Christians for Genocide

An issue of the old-earth creationist mini-magazine Connections features the spectacle of Kenneth Samples (2008) trying to justify the complete extermination of the Canaanites by God’s command. Although his points are derivative, if you have never before beheld the efforts of a cheerleader for genocide, it is quite a sight to be seen.

Here’s my summary of the case Samples makes for why our confidence in God’s perfect goodness should not be shaken by His genocidal commands:

  1. The Bible assures us that God is good.
  2. It was the only way the infinite, all-powerful maker of the heavens and the earth, of all that is seen and unseen, could protect his chosen people.
  3. The Canaanites were all bad. Every last one of them.
  4. That’s the way war was conducted back then. Remember, relativism is horrible except when Christians appeal to it.
  5. God created us, so he can do whatever the hell he wants to any of us.
  6. It wasn’t murder: it was capital punishment. Every single Canaanite deserved to die.
  7. It’s not like God ordered genocide often.

Putting aside, for the moment, the moral bankruptcy of each of these excuses, one cannot help but to be reminded of Freud’s tale of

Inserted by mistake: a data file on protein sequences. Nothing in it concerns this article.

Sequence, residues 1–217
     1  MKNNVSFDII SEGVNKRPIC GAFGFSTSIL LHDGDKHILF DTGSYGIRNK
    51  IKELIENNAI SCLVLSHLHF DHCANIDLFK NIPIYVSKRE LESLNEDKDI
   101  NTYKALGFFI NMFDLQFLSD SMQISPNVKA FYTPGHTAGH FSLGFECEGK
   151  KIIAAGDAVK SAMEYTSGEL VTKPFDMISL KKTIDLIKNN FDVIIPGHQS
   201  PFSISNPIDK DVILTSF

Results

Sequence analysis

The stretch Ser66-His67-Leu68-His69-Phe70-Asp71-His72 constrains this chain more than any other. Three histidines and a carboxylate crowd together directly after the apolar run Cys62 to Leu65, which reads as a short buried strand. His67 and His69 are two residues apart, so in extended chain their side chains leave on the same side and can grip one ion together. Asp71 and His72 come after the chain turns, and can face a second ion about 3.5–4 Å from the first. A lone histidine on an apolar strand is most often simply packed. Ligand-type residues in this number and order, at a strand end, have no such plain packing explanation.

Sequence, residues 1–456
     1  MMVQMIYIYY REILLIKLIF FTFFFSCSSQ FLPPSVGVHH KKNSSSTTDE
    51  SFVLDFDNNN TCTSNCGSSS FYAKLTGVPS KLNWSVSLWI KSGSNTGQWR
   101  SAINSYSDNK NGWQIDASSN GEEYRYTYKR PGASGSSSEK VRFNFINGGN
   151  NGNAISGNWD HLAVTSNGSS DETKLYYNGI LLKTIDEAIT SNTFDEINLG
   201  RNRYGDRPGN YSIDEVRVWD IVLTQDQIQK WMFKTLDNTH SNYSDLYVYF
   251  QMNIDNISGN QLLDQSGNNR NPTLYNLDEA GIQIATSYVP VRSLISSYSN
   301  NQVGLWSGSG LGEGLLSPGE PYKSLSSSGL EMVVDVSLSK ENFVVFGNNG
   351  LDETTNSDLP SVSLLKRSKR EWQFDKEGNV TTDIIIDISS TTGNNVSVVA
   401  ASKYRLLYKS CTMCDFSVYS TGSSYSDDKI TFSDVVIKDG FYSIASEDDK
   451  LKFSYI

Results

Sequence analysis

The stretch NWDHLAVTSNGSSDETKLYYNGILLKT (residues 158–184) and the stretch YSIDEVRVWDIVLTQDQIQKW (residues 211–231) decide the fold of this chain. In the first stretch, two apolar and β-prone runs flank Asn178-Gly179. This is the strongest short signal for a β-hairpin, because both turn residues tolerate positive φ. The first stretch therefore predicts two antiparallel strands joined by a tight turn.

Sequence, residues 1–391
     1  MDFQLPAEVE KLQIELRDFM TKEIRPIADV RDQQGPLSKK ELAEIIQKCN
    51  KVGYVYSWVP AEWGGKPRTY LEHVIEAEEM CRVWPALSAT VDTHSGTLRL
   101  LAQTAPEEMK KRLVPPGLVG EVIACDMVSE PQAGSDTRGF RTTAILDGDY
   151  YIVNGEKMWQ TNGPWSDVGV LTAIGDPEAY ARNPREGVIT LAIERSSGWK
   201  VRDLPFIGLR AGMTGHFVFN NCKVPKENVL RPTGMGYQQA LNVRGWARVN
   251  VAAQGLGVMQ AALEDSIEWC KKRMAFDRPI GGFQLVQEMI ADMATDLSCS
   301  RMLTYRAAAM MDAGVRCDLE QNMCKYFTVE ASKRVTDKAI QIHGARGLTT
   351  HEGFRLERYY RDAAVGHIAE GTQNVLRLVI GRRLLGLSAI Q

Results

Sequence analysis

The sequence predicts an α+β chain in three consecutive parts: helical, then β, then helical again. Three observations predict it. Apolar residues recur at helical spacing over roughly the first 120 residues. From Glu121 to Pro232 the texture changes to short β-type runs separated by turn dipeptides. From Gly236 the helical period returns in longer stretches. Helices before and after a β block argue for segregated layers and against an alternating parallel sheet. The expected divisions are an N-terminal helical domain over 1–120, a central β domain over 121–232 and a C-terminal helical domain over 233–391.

the defensive argument of a man who was accused by his neighbor of having returned a kettle to him in a damaged condition. In the first place, he said, he had returned the kettle undamaged; in the second, it already had holes in it when he borrowed it; and thirdly, he had never borrowed the kettle from his neighbor at all. (Freud 1913:101)

But the moment is over, so let’s return to the moral bankruptcy. As cavalier as Samples is about the wholesale slaughter of men and women, including the elderly, he appears to feel a slight twinge of doubt when he considers whether there was a justification for massacring all of the Canaanite children. But even that slightest of silver linings is soon blotted out: you see, all of the children were polluted, and if they had been allowed to live, they somehow would have “infected God’s people with terrible iniquity.” (Oh, no, not terrible iniquity!) Naturally, there is no way a being capable of creating entire universes would be able to stop this, short of ordering his people to slit the trembling throats of terrified children. One would not want God’s people to become infected with terrible iniquity, would one? Why, if they became infected with enough terrible iniquity, they might eventually do something bad, like murder children. Besides, who knows, perhaps God gave all of the children free passes into heaven—an extension of the well-known truth that it is entirely permissible to kick a child in the face, as long as you give him enough ice cream afterwards to make him happy.

If thinking like this is the price of being a Christian, who would want to be one?


S Freud. 1913 [1899]. The Interpretation of Dreams. Trans. A.A. Brill. New York: Macmillan.

KR Samples. 2008. God and genocide. Connections 10(3). [web link]